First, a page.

Anodised metals: Catching the 'light'

In May, I just wanna have fun, and reach for jewellery with some colour.

Earrings composed of multiple coloured elements can mean weight, though. Stones, whether faceted or as beads, add up quickly. But anodised (American variant, anodized) metals accept colour while remaining light, even in larger sizes. 

Anodisation, an electrochemical process that increases the thickness of the natural oxide layer on certain metals, allows the absorption of dyes and paints. The treatment is permanent (it penetrates, not just coats); the colours do not bleed, fade, tarnish or transfer to skin or clothing.

Aluminum, strong, light and ductile, takes the process especially well. Titanium and niobium are often anodised and are hypoallergenic materials. 

What you won't see in anodised pieces is solder; a weld done after anodising won't fuse well. Instead, jewellers use cold finishing techniques like rivets, wire wraps, and hanging. Though these anodised metals are strong (you can find vintage anodised aluminum drinking cups that weathered thirty years of use), the anodised layer might chip or scratch if subjected to repeated friction, so anodised metals are best for earrings and pendants, or for bracelets you wouldn't wear every day.  

Anodised metals are washable with a damp cloth and mild soap such as Dove.

Bright and buoyant

Some jewellers anodise in busy palettes; their work reminds me of a stack of tie-dye t-shirts in a market stall. In the windows today, colour with more discretion, and some monochrome treatments.

Left: Detail, Spot earrings by Amanda Croatto, of titanium with silver accents. Price, $US 150 at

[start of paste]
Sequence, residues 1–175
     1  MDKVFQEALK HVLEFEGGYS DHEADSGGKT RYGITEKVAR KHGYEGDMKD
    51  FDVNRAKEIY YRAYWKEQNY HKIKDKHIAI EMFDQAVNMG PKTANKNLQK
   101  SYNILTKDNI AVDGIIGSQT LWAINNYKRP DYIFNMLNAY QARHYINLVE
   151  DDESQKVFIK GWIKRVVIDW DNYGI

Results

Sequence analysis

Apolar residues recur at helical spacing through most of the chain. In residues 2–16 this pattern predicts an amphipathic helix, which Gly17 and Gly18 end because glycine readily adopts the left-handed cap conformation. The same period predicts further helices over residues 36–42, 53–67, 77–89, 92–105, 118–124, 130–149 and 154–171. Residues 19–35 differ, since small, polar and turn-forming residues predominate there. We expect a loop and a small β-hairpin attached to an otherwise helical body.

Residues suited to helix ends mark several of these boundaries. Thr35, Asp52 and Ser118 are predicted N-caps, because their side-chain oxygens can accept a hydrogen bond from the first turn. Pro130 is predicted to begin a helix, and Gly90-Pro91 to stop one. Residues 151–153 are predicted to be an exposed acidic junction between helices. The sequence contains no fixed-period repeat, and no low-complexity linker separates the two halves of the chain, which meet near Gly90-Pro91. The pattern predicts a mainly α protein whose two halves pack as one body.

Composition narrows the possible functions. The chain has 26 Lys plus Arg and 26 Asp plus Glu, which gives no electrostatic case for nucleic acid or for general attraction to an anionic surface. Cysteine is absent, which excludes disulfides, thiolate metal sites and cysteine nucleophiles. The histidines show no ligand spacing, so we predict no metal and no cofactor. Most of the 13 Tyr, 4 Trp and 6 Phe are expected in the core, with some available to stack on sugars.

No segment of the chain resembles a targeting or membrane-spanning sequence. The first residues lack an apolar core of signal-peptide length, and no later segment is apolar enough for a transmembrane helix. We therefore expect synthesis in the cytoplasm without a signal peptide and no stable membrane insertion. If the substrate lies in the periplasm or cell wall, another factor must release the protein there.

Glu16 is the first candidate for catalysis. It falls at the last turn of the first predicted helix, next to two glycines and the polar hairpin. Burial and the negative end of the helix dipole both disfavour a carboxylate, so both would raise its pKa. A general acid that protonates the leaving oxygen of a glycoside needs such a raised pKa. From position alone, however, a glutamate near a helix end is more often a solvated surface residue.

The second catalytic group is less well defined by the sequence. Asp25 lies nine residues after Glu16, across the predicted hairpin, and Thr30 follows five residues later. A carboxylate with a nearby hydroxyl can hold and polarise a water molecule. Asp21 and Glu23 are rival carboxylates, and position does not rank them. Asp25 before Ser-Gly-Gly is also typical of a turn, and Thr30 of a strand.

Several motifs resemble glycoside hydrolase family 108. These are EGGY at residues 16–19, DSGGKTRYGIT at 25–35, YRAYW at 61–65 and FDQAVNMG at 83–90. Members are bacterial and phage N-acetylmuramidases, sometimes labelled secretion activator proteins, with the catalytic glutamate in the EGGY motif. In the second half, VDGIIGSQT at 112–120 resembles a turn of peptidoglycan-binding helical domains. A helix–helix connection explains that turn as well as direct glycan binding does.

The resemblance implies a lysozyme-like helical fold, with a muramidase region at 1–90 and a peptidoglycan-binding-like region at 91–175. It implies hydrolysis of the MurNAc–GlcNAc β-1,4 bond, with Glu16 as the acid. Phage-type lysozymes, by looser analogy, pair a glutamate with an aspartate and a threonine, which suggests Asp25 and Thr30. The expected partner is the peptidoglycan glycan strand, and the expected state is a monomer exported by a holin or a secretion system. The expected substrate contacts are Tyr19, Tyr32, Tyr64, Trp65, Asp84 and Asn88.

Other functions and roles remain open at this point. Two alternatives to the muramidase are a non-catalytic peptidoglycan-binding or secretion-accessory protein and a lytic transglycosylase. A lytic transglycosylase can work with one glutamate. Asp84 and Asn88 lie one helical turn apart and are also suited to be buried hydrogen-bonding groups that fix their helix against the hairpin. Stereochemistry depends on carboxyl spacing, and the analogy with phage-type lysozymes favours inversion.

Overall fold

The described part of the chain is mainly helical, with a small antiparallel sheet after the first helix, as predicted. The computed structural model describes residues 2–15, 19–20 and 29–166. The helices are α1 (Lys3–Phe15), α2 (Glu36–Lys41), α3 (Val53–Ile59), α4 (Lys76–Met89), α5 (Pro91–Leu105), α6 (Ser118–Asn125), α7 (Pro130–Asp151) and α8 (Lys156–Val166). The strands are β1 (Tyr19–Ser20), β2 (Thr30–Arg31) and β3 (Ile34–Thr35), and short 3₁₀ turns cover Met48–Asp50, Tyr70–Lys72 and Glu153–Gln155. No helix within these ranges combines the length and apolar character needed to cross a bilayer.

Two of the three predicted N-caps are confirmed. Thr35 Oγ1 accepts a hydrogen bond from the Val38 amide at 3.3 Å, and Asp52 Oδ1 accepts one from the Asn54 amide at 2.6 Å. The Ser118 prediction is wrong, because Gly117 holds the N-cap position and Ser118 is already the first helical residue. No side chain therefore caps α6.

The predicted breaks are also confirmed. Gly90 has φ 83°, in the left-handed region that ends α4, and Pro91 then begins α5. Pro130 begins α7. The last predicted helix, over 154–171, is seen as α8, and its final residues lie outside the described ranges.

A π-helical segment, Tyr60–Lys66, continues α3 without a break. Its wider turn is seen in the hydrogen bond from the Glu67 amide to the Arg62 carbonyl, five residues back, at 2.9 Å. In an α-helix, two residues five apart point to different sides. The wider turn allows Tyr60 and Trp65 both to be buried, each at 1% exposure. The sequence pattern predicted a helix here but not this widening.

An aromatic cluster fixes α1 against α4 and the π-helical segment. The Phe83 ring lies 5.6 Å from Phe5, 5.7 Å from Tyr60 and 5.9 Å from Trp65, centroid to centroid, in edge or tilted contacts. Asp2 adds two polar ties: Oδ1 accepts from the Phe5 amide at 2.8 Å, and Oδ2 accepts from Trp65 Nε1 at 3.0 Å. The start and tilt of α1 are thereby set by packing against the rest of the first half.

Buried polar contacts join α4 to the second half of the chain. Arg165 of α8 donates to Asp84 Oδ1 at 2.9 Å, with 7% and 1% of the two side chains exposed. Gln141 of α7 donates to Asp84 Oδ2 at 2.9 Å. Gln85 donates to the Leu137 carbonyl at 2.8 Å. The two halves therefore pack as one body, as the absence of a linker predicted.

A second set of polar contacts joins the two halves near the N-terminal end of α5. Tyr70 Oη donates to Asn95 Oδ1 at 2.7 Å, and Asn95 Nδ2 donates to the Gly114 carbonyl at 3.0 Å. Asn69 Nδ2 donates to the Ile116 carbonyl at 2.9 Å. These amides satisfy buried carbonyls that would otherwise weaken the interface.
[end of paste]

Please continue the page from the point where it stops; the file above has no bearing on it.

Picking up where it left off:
Top right: Miranda Peckitt 11/4in./3cm cuff in orange and rose pink, a piquant accent to a solid top! Price, £43 at Primrose Gallery, Thrapston, UK.

Bottom right: Detail, lime anodised aluminum Lily Pad earrings (2.5 in long x 1.5 in. wide) on gold-filled hooks; by John Brana. Price, $US 40 at, or on Etsy Also made in black, yellow and violet.

Reversals of fortune

Anodisation can also be applied by a screenl, creating a metal 'print'. Lindsay Mann's 36in./91cm Layer Necklace is made of oxidised silver, screen-printed anodised aluminum and beads of hematite and Czech glasss. 

One side is in coral, mauve and blue, the reverse, at right, is in blue, grey and gold. Price, £295 at A spirited, playful necklace.

The renowned English jeweller John Moore often works in aluminum; his Elytra earrings show why he is admired; they reverse shape, providing two graceful forms. Price, £225 at Flux, Bristol.

Photo: Flux Jewellery and Craft Gallery

The Elytra earring is also made in a solid colour; you can also see his other designs on Flux' site.

Golden glow

A gold anodised finish delivers depth and richness without the price of high-karat gold—and weighs significantly less. 

Photo: Kin Gallery

Australian jeweller Sarah Augusta Murphy makes these chic titanium Shine Dome earrings in monochromatic hues; shown, gold. Price, $AUS 80 at Kin Gallery, Braddon, Australia. 

When your pleasure is pearls


Jane Adam makes intriguing Pod Brooches; the pearl is loose inside the curved pod (though viewed horizontally, doesn't this remind you of a mollusc? Available in a choice of ethereal colourways; I would love any one of them! Price, £180 from Also available as a pendant, with a vertical pod and pearl that hangs from a neckwire.

Ms Adam is an acclaimed innovator of the treatment. The other pieces on her site are just as stunning—and talk about colour sense! (Lists of stockists here.) She joins my list of dream jewellers.


Laura J said…
Ooohh! This reminds me of some earrings I had before the jewelry heist! They were dark pink and purple…light and fun to wear!
Jane in London said…
This is all new to me, and very interesting to know. Although this type of jewellery does not really fit my personal style, I can certainly see the beauty and workmanship in it.

I'm a bit in love with the idea of a Jane Adams cuff and matching earrings (in the red colourway), but I know it would be a "fantasy self" purchase and not actually get worn...